Professor Colin Drummond is a government advisor on alcohol
The government has been accused of "sexing down" a draft report on alcohol misuse to prevent the study damaging the case for extending pub opening hours.
The new Licencing Act paves the way for local authorities to extend pub hours and even allow 24-hour drinking from next year.
The national Alcohol Harm Reduction Strategy published in March did not include evidence from Australia and other countries about the damaging effects of longer opening times. Yet that same evidence had been included in a draft interim report obtained by Panorama.
Professor Colin Drummond was not involved in the leak but told the BBC's Panorama: "I think it's an example of sexing down a dossier on alcohol problems, that evidence that was clearly available was not included in their final report."
The professor of addiction psychiatry at St George's Hospital Medical School served as an advisor for the strategy report.
Under the government's Licensing Act 2003, which was published in March, local authorities and not magistrates will grant licences.
The proposals, originally promised before the last election, could mean 24 hour drinking in some pubs, which the government claims will help cut crime by reducing binge drinking.
Binge drinking can lead to problems in city centres after closing time
But Professor Drummond, a government advisor on alcohol, is not so sure.
He added: "The mainstay of that act is to extend licensing hours with the hope that will reduce the alcohol related disorder around pub closing times and spread it through the whole evening."
"But there is research around which suggests that having 24-hour licensing will actually increase rather than decrease problems. It may change the nature of the problem as well."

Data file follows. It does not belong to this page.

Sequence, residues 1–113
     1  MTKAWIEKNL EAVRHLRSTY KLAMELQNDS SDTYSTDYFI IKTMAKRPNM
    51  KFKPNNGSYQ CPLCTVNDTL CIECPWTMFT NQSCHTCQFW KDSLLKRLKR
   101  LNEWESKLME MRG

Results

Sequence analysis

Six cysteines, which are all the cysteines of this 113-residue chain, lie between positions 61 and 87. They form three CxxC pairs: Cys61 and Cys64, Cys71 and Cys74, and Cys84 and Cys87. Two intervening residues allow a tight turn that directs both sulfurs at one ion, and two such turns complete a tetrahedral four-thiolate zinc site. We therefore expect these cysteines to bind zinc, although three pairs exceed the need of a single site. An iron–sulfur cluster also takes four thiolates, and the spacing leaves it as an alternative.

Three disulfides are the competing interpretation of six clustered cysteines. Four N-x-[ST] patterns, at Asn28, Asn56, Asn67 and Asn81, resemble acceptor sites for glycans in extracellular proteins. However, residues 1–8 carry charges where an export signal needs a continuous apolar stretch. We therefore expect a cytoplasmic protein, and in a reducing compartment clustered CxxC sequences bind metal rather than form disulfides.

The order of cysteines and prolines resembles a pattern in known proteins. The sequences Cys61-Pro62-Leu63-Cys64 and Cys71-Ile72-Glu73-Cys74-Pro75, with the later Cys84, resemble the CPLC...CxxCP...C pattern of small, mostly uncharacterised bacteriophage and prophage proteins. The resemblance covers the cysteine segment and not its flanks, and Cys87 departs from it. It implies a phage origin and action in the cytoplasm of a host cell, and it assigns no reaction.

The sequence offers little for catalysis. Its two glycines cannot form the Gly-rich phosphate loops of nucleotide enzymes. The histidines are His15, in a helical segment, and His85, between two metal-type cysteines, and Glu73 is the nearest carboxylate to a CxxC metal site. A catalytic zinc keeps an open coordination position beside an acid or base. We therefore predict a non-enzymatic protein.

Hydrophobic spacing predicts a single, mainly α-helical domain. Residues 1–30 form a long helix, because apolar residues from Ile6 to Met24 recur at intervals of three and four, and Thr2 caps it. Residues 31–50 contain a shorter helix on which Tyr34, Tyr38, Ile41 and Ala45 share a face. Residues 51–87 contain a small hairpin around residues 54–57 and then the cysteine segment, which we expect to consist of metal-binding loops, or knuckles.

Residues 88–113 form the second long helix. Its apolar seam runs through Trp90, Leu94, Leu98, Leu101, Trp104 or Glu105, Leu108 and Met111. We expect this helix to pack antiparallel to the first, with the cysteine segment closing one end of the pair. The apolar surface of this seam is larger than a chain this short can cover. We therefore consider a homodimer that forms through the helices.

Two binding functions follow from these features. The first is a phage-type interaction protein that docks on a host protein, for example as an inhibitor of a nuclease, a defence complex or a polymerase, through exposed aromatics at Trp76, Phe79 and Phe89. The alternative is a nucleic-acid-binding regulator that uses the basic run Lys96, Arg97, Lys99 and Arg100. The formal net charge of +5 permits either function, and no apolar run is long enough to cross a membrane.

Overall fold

"There are various studies from, for example from Western Australia, showing that extending the licensing hours can actually increase the amount people are drinking and the amount of problems associated with drinking."
Professor Drummond also claimed that much detailed research about ways to control the alcohol problem by raising prices and making it less affordable was also not included in the final report.
He added: "One of the striking things was that when the final report was published there were a great number of things that really just didn't appear there at all.
"One was about the affordability of alcohol and the fact that if you reduced the affordability of alcohol you also reduce alcohol consumption and the harm associated with it."
"I think it's extremely important and certainly the academics and the Royal Colleges that commented on the strategy are very concerned that these things had been left out."
But the government points to evidence that flexible licensing hours will reduce binge drinking and associated crime.
Richard Caborn MP says the law aims to regenerate local economies
The Minister for Sport and Tourism, Richard Caborn MP, has day-to-day responsibility for licensing.
He says the government's case is supported by the results of pilot schemes mounted at New Year and the Nicholson Committee review of liquor licensing law in Scotland.
"All the bodies that we've consulted collectively - local government associations, the police, the industry have all said that they wanted relaxation of licensing. They did not believe it was going to create a problem."
Richard Caborn says the law is part of a wider reform of local government: "Our end objective is to regenerate the economies and to give local authorities more power"
He says: "What I want to see is the drinks industry getting in with local authorities to develop the local economies."
"We want to create some of our cities to be leading European cities of the future. As tourism minister I'm out there saying: "Come and visit this great country of ours, oh by the way you can't have a drink after 11 O'clock. That's crazy."
Panorama: Cldnt Give a XXXX 4 Lst Ordrs was broadcast on BBC One on Sunday, 6 June 2004 at 22:15 BST